We all know the saying “When the student is ready, the teacher shows up” (or something like that…). Since I am past the youthful state of ignorance where I saw life as a sheer endless road ahead and teachers wore 1960’s glasses, suspenders or pencil skirts, I came to the realization that teachers can show up at any time and in any given shape. If you’re lucky, you recognize them and actually learn something.
One of those teachers turned out to be my horse Paladin. I obtained Paladin, then Yankee, in February 2007 from a rescue organization specializing in off-the-track Standardbreds. Gorgeous, lanky, spirited and not really warm and fuzzy with people, Yankee had been through several adoptive homes and was now back in the program. Upon first meeting, he gave my brought-along apple a disgusted look (later I learned that carrots are more to his liking) and showed me his hiney, walking away from me with, what seemed, a clear attitude of disdain. “I’ll take him!” I exclaimed. Not really knowing why … – and that as one ‘ass’ recognizes another, I had spotted a fellow adrenalin addict and he was mine!
Fast forward through a journey of trial and error (What do you mean this horse doesn’t tie?), confusion and self-doubt (What the heck was I, as a rusty horse person, thinking to get this horse?) and ultimate reward after some hard earned successes (This horse is the best, we are attached at the hip!) and to a point in time, where I was stuck in a rut and didn’t know it.
[Side-note: Carrie Cameron, who travelled the country for a long time with Doris Halstead (mother of myofascial release for horses, in my view) and worked on horses with her, later co-authored a book with Doris (Release the Potential), when asked about the possible reasons for my history of recurring head-injury said something like: “The universe is going to knock you in the head until you get it!” “Get what?” “Whatever it is you are supposed to get.”]
On November 4th, 2010 Yankee – in a clear act of defiance – let his adrenalin take over and – instead of simply making a defiant gesture – kicked me in the face and knocked me out while we were working in the round pen, doing things we had done hundreds of times before. So I thought, until I saw the video (yes, it was on video…).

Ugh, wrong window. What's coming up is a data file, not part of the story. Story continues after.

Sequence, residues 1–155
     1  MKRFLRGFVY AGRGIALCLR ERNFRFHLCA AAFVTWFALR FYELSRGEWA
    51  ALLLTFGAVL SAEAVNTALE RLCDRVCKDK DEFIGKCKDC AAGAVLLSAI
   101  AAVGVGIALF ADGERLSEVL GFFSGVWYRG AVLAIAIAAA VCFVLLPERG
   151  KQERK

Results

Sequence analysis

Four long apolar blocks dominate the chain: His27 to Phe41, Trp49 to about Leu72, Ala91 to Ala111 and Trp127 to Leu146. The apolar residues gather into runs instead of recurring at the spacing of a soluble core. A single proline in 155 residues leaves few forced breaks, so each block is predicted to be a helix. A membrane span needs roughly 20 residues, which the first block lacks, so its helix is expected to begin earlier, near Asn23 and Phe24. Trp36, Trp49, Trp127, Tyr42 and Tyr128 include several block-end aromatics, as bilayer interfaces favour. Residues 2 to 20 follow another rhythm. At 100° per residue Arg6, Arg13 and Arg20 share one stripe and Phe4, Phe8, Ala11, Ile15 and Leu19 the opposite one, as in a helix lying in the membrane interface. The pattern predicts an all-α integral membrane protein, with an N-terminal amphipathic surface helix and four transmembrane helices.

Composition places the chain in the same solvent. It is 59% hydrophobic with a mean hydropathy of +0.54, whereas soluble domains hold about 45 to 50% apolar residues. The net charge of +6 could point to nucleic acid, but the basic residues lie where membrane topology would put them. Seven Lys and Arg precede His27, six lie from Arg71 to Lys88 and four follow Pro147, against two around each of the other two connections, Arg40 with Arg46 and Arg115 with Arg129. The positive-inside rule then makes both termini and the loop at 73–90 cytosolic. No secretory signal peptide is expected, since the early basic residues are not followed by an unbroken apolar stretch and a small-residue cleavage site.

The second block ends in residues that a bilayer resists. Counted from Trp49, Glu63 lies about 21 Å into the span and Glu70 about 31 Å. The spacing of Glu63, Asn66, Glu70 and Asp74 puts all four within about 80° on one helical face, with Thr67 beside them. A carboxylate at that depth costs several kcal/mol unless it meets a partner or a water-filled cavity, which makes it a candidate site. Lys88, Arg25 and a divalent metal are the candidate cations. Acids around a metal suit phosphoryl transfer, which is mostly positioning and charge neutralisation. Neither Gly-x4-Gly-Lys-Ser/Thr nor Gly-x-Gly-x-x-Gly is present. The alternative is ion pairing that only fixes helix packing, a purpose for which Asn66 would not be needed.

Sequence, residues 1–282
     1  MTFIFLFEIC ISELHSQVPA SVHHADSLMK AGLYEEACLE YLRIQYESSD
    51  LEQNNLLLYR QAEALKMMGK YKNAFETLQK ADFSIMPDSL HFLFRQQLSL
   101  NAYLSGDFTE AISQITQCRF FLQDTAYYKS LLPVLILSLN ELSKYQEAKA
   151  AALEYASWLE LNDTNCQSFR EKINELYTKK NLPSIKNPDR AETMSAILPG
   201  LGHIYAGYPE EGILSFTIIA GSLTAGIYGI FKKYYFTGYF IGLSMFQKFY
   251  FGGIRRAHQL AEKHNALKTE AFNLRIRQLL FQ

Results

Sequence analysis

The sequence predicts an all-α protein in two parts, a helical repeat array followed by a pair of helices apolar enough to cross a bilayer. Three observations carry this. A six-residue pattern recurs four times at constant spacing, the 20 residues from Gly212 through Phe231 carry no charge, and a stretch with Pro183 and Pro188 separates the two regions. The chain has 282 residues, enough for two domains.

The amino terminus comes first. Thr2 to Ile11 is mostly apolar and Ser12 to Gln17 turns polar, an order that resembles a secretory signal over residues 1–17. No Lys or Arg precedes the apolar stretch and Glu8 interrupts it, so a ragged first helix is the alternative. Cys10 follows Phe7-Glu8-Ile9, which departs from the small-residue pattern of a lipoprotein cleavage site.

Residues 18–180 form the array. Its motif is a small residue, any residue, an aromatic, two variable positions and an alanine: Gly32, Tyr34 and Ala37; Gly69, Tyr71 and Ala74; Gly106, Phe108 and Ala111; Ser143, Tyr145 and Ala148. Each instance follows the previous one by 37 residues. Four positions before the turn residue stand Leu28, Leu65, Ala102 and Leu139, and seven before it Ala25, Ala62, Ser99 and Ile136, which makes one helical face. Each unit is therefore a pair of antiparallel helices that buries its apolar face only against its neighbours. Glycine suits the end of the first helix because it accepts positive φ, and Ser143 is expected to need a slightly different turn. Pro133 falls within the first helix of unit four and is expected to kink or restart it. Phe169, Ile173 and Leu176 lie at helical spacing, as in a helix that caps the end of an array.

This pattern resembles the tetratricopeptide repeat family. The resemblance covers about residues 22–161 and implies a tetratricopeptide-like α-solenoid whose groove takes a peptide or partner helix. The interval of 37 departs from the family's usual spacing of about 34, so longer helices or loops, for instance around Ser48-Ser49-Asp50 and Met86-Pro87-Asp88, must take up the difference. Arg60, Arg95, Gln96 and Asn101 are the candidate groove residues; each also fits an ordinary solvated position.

What I saw was a woman on an adrenalin high, who had an impatient hissy-fit because her horse did not ‘perform’ the way he usually does or was expected to do. His wrong-doing: He went for a tasty nibble of gras. He answered me with the same energy and attitude I approached him with at that moment: Impatience and unproportionate assertiveness.
What can you learn from a kick in the face?
Lesson 1: Know the horse in front of you.
Horses aren’t pets. They are sensitive, powerful and very reactive creatures with memories like elephants. The difference in their personalities astounds me every day. I knew my horse well. He is – according to the very worthwhile Horse Harmony Temperament Test by Madalyn Ward, DVM – a “Wood Horse”: athletic, competitive and plenty of resistance and attitude. Or like one trainer put it, after having spent two afternoons with my horse: “This horse will ask you every time you show up: Who’s the boss today?” So if I could rewrite this moment, I’d take a deep breath, take a step back and start over.
Lesson learned: Take a good look at your horse and consider his nature in everything you do with him. Always work ‘with the horse that shows up’, not the horse your horse was yesterday or last week. He may feel off, too, and may have his reasons.